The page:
What are mobile wallets?
The widespread use of smart phones and mobile technologies has gradually begun to affect not only our use of products and services, but also how we pay for them. What we are witnessing is the beginning of technologies that aggregate payment methods on mobile. One of the recent developments is mobile wallets, often mistaken for mobile banking. Rather than providing mobile communications merely as means to do transaction through conventional modes of payments like net-banking and credit cards, mobile wallets seek to use mobile phones as a prepaid accounts where you may store money which can be used for transactions. Currently, mostly telecom services providers are providing mobile wallet services, with other kinds of players from e-commerce and dedicated payment services providers looking to increase their presence in this segment. Given that more number of people have access to mobile technologies, than even basic things like proper sanitation, let alone internet banking and physical debit and credit cards, it stands to reason that mobile wallets offer a segment with great potential.
Laws governing mobile wallets in India
The Payments and Settlement Systems Act, 2007 is the primary law governing payments systems in India, with the RBI as the body to supervise related matters. Section 18 of the Act empowers the RBI to make such regulations as may be required, from time to time, to regulate payments systems in India. In exercise of the same, the RBI has laid down guidelines for the issuance and operation of Pre-paid Payment Instruments. A Master Circular consolidating all regulations on the same was notified on July1, 2014.
The circular defines different kinds of payment instruments that one may create. In our experience, the most common form of payment instrument that can be used as mobile wallet is a Semi-Closed System Payment Instrument, as only Banks are permitted to offer Open System Payment Instruments. These can be used for purchase of services and goods from a set of identified merchants and services providers, but do not allow for withdrawal of the currency from the instrument. Non Banking Finance Companies (NBFC) and companies incorporated in India are eligible to apply for license to issue these instruments.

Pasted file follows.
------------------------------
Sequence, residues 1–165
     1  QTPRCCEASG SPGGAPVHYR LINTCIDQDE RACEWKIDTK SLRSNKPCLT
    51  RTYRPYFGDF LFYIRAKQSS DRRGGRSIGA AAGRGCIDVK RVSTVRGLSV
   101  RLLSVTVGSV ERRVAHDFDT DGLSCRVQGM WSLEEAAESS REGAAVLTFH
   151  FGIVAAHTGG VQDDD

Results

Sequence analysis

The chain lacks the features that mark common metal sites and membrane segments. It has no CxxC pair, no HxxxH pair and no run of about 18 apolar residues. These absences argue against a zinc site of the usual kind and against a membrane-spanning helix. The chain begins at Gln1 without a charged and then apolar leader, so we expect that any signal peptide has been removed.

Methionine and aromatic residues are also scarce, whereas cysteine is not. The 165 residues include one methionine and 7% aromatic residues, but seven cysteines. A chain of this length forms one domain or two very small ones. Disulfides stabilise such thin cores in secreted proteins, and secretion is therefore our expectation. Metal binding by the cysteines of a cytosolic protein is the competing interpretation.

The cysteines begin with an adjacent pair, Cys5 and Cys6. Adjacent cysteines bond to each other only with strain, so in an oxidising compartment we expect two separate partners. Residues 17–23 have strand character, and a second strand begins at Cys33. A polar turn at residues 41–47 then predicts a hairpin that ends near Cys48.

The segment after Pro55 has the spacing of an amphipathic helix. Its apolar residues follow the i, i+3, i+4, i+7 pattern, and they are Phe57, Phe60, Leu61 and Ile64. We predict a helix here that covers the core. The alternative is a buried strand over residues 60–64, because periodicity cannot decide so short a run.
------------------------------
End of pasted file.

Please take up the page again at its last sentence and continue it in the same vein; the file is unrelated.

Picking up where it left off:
Additionally, a company (that which is not a bank or a NBFC) seeking RBI’s authorization should have a minimum paid-up capital of INR 5 crores and a minimum positive networth of INR 1 crore at all times.
The Circular specifies anti-fraud mechanisms/standards and the level of Customer Due Diligence required based on the quantum of transactions involved. KYC norms and Anti Money Laundering norms, as relevant would continue to apply to pre-paid instruments. Importantly, these regulations do not cover any cross border transaction and do not extend to any foreign exchange pre-paid instruments allowed by RBI under FEMA.
FDI in applicant Companies for mobile wallets
Companies which proposes to have foreign investment has to ensure prior government approval (FIPB approval). The FDI Circular classifies e-wallet / mobile wallets as credit cards (“Credit Card” business includes issuance, sales, marketing & design of various payment products such as credit cards, charge cards, debit cards, stored value cards, smart card, value added cards etc.) which is under the classification of NBFC and should meet capitalization requirements as a fund-based activity.
With the recent Master Circular consolidating the policy guidelines on issuance and operations of pre-paid instruments it has made the regulatory terrain easier to navigate not only in terms of eligibility requirements to obtain a license to issue pre-paid payment instruments but also the on-going compliances required by law. It is important to note that mobile wallets exist in a space which does not attract the restrictions under the RBI notifications from November, 2010 to regulate online payment gateway service providers, which affects a service provider like PayPal. This may also be an attractive payment system for parties to consider in light of the furore over the payment system used by Uber which bypassed the two step authentication which the RBI recently cracked down upon.